In late August, Fox8 News in Philadelphia reported that a 26 pound cat named Mr. B was available for adoption by the local Morris Animal Refuge. The cat, who is a tabby, is according to the shelter, one of visually largest cats they have taken in. There were other cats that weighed in just a pound or two lighter, but Mr. B. looks really huge. He appears to be far more than merely a handful. The shelter decided to post a picture of the cat on its Facebook page, seeking an owner for a forever home. Its ad in part read, “He’s a chonk of a chonk.” For those unfamiliar with the term “chonk” according to the Urban Dictionary it is “an aggressively chubby housecat. According to the cat girth scale … a cat is a chonk (or chonker) if it has between 30 and 60 percent body fat.” In human terms, the cat is beyond obese.
A picture of the cat posted by People magazine shows that although Mr. B is all that cat and more, he is reasonably well-proportioned. There are not four spindly legs supporting a massive frame but instead it appears he can support his substantial weight without suffering any major structural problems. There is a lot to love here, and so that set off a digital feeding frenzy across the Internet. There are more than a million cat pics and videos available for viewing on the Internet, so what makes this cat so special that it attracted so much attention? For one thing, it was available for adoption. Mr. B. wasn’t a cat that you could look at and wish you could have for your own. He is a real live cat that you can have for your very own. It doesn’t hurt to have a large but well-proportioned body either. And for many cat lovers, best of all, it was a tabby.
What happened next is something the Morris Animal Refuge could not have expected. It announced that Mr. B. was going up for adoption and that interested wannabe owners could fill out an application online. The response was, to say the least, overwhelming. The next day the response ended up crashing the shelter’s website. There are a lot of things that can crash a web site, but a cat application? Now what happened was the shelter posted an update to its website that stated that while Mr. B. was doing well, there are still some things that need to be done, including the proper examination by a veterinarian. Once all the checks are completed, the shelter will post the relevant information to let everyone know.
Of course, this poses some interesting problems since there is only one Mr. B. There are going to be a lot more applications until Mr. B. is said to be ready to go to its forever home. Then all those applications have to be reviewed. What follows that is deciding which of the qualified applicants will be awarded the big prize. Last, but not least, will be the number of brokenhearted applicants who are certain to cry “foul!” For a good number of those applicants, there is only one Mr. B. and no substitutes are allowed.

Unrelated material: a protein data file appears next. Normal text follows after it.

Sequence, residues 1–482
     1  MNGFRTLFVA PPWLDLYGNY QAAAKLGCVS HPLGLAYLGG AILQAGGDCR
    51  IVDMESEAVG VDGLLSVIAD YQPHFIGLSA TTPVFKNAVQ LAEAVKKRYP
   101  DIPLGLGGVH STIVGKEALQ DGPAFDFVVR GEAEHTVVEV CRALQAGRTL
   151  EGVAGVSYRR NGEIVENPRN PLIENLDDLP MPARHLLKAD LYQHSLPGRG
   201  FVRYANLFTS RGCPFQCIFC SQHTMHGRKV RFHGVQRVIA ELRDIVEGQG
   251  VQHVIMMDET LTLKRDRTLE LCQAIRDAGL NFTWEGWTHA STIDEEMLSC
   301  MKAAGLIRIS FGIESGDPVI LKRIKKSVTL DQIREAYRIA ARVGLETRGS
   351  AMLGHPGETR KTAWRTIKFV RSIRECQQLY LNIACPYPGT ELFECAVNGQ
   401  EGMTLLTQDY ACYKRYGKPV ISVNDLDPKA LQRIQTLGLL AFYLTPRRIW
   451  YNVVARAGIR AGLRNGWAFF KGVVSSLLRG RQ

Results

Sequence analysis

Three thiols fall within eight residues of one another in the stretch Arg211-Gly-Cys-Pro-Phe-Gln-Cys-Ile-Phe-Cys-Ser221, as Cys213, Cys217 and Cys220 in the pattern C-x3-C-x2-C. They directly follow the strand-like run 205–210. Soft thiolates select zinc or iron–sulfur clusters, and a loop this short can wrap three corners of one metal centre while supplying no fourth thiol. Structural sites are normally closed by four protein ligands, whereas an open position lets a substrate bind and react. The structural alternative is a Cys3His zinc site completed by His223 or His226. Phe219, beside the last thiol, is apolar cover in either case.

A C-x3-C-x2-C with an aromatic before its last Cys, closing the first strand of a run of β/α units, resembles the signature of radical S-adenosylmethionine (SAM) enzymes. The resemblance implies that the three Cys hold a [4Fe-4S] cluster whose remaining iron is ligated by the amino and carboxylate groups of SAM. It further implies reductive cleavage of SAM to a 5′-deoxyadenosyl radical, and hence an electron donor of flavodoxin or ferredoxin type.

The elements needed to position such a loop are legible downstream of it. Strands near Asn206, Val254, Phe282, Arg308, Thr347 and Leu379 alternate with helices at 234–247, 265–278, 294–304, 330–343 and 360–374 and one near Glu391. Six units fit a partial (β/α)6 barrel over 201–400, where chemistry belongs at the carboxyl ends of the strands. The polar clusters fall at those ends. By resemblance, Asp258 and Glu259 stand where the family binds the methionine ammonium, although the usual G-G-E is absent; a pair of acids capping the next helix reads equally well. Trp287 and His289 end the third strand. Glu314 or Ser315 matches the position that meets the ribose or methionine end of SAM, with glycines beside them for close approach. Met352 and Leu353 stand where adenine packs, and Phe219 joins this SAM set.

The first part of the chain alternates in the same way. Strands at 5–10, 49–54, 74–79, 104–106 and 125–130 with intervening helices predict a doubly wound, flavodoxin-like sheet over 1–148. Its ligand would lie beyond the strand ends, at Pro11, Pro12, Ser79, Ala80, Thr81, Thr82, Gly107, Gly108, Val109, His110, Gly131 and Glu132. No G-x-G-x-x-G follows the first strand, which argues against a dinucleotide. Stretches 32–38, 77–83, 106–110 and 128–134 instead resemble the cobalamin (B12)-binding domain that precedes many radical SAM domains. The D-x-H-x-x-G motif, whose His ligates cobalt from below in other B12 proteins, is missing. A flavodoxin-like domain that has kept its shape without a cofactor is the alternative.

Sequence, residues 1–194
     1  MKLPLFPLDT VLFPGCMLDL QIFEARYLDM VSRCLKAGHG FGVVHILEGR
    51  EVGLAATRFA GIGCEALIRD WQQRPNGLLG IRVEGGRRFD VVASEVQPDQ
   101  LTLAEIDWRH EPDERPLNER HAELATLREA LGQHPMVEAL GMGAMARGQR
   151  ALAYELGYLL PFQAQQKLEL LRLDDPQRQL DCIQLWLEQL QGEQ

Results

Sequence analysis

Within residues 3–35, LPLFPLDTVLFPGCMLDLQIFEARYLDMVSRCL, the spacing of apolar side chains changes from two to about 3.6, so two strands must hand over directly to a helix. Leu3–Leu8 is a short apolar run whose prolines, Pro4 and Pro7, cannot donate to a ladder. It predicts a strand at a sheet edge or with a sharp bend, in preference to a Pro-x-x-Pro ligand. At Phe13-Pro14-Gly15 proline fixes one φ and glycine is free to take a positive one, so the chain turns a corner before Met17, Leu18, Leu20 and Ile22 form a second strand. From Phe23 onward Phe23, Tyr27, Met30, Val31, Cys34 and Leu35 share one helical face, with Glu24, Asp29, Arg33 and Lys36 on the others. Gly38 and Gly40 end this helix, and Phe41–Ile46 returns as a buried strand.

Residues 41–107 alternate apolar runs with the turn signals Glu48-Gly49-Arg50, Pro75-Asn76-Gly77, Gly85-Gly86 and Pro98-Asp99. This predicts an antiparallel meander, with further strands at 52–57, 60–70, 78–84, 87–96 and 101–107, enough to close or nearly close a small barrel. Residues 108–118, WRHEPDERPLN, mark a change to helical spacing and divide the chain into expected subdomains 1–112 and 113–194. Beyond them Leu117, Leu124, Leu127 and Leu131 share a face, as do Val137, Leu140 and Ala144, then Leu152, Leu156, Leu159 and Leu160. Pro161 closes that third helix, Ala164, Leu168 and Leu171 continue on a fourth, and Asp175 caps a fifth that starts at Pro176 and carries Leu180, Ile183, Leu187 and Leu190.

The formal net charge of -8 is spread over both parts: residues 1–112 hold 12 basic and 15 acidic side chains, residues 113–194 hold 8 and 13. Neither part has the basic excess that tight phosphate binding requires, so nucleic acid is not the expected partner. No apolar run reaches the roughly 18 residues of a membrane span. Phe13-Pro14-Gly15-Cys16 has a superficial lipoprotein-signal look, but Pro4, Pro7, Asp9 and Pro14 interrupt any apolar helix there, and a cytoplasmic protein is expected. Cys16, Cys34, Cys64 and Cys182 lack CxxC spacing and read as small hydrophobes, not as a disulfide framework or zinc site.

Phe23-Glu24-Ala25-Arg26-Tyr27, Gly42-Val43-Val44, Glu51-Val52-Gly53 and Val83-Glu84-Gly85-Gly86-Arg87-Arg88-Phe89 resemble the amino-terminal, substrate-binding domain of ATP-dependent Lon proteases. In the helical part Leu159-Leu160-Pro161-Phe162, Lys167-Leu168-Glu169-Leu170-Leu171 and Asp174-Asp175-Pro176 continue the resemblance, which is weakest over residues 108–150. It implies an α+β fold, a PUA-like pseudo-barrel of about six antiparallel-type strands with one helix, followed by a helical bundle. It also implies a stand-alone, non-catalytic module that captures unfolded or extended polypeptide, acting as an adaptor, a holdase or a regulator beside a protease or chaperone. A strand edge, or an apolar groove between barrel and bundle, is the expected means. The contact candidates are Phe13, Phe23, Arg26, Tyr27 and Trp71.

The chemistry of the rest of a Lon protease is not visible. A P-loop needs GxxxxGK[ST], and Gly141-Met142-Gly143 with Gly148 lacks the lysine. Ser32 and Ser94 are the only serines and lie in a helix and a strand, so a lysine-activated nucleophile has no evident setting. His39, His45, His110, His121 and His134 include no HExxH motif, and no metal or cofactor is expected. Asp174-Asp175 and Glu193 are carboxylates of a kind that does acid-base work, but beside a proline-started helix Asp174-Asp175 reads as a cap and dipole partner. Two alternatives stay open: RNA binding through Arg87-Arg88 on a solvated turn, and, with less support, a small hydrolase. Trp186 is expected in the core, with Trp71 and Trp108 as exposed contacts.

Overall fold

It can be asked how many of the applicants are actually home-ready for Mr. B. One problem with social media is that posts like this can attract a 25 year old or a 5 year old. Maybe some parents filled out an application just to quiet their children. There are likely some who did it just for fun. The Morris Animal Refuge is an actual organization that is trying to do something positive for animals and people, yet they have to wade through an insane number of applications out of sense of duty.
But the real question is just how fair can the shelter be in picking a “winner?” What will the criteria be? Mr. B. will obviously require a lot of food and for the foreseeable future regular visits to the veterinarian. One additional piece of information has been added to exclude certain applicants; Mr. B. is not likely to be placed in a home where dogs are present. Will an applicant’s financial situation be a criteria? Food and vets cost a lot of money, and since this will be a forever home no one wants to see Mr. B. returned for recycling.
Since Mr. B. is only two years old, he has a lot of living to do. That would seem to eliminate many older people since if they are unable to take care of the cat than he will have to be returned. How will Mr. B. function in a home where there are small children – or expected small children? And then there is the cat’s celebrity status that has been unexpectedly thrust upon him. Whether this status will remain with him for the rest of his life is not certain, there may be a short term interest about who won the price and how the cat is doing.
Perhaps the best thing to do is to not announce who the lucky person is who will be taking Mr. B. home with them. With the flurry of interest in the cat, there will be a number of curious applicants who will want to know what became of him. On the one hand, it may be like winning the lottery, where people lose interest in a few weeks. On the other hand, it may be where people have a continued interest because, unlike the lottery, Mr. B. will live in many people’s memories, alive and well.
Social media has taken its share of criticism over the last few years. From privacy violations to data breaches, people have shied away from it. But it is stories like this one that make being on social media worthwhile.